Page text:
High School Confidential Hip To Be Square
Year: 1958
Director: Jack Arnold
Stars: Russ Tamblyn, Jan Sterling, Diane Jergens, John Drew Barrymore, Mamie Van Doren, Jackie Coogan, Michael Landon, Charles Chaplin Jr, Ray Anthony, Lyle Talbot, William Wellman Jr, Jody Fair, Mel Welles, Jerry Lee Lewis
Genre: Thriller, TrashBuy from Amazon
Rating:  7 (from 1 vote)
Review: There's a new boy, Tony Baker (Russ Tamblyn), in high school this morning and he's making his presence felt. After finding a parking space for his car, he makes a move on Joan (Diane Jergens), the girlfriend of the school top dog, J.I. (John Drew Barrymore), instantly landing himself in trouble. But he starts as he means to go on, making a big splash by heading over to the principal's office and waiting for him while smoking a joint. He has a lot of cash he's not afraid to whip out of his pocket and show off, and when he gets to class, he tries to chat up the teacher, Arlene (Jan Sterling). However, it's the local drug scene that he wants to be involved with, and it's not long before he's tracking down the major players...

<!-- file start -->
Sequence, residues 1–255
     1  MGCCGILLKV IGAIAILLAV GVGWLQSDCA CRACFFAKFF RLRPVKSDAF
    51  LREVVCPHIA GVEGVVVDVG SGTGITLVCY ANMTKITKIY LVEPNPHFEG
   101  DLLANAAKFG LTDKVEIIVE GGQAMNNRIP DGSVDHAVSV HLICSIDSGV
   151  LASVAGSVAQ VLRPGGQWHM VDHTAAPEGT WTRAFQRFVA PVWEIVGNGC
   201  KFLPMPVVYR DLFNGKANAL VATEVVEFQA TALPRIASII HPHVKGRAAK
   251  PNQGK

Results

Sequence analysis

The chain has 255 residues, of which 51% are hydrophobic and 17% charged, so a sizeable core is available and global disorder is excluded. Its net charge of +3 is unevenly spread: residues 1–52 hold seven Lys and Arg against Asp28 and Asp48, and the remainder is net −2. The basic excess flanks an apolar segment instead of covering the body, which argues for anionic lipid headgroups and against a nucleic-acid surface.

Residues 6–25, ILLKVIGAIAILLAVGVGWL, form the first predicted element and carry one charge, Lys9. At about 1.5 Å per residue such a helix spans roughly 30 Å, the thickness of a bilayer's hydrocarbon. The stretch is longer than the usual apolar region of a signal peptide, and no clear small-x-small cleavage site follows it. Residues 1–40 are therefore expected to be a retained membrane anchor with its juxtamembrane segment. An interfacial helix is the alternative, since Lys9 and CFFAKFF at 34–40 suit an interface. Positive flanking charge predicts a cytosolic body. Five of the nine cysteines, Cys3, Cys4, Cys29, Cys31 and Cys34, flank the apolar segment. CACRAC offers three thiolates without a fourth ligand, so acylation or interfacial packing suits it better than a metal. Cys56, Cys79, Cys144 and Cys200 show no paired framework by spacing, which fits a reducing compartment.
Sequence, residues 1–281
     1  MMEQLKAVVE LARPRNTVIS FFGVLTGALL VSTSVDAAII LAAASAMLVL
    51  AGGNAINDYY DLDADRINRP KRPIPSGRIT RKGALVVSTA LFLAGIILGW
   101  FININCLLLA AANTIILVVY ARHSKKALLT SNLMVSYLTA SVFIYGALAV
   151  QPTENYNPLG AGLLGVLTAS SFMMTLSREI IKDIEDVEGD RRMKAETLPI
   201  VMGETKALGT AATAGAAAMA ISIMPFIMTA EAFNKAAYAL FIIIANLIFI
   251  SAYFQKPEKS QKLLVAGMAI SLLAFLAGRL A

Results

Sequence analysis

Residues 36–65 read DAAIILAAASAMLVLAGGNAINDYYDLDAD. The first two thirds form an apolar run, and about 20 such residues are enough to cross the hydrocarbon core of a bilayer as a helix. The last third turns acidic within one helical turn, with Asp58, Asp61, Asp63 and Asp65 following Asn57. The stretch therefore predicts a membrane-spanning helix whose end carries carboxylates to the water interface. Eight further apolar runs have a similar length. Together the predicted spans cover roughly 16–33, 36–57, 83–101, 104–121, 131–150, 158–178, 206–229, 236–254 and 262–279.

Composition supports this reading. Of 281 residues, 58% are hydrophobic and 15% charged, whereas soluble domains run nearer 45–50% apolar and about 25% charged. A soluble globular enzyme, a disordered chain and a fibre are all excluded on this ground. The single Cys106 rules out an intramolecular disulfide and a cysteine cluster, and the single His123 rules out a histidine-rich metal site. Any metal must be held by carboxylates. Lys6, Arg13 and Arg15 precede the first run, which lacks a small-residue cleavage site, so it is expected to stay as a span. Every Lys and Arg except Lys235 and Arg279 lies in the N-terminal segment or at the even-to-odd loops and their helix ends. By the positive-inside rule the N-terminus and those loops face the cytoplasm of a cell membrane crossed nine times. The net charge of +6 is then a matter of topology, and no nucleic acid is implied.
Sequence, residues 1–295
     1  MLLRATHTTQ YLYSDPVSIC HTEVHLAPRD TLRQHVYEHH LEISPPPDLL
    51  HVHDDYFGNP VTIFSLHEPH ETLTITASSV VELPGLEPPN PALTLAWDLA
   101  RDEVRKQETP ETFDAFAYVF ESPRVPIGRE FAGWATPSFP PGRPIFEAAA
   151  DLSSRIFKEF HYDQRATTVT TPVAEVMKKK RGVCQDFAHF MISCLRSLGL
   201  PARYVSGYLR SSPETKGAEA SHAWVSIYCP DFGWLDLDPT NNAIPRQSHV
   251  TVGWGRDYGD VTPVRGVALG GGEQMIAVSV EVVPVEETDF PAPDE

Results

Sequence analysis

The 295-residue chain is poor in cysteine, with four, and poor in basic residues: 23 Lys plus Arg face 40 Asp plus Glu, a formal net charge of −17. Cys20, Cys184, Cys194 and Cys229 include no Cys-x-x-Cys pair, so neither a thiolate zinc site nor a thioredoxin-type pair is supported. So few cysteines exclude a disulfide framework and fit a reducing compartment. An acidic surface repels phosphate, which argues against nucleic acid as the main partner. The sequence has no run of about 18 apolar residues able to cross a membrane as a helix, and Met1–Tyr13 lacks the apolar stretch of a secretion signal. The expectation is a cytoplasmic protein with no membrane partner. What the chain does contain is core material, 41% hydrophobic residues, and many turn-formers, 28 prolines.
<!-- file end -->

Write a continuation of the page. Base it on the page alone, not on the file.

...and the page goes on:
Written by Lewis Metzler and Robert Blees, from Blees' story, this trashy, knowing crime expose is still a lot of fun to watch, not least because of the amount of fifties slang that the characters speak. We first see Arlene teaching her English class about slang, but Tony is deeply unimpressed by her choices, and shows off his superior knowledge of the dialect, leading to him being thrown out and sent to the principal. "Don't flip your lid," as he says, and this dialogue has the effect of making Tony come across as the coolest character in the film, coupled with his rebellious attitude, even if it sounds like an alien language nowadays.

But the most important message the movie tries to impart is "Just say, 'No' to drugs", and there's plenty of narcotic-related slang in there too. We see the heads of the school being taught about the dangers of marijuana by a policeman, and he endorses the theory that smoking the stuff leads directly to heroin use. Parents refuse to believe that their offspring could be doing such a thing, but the cops know better, and let their views be known. As campy as the drama is, it appears to be perfectly serious about this topic, and the budding pothead Joan is already an addict-in-waiting thanks to J.I. Her friend Doris (Jody Fair) is trying to go cold turkey, as we can guess when she refuses to go swimming in the outdoor pool with the others.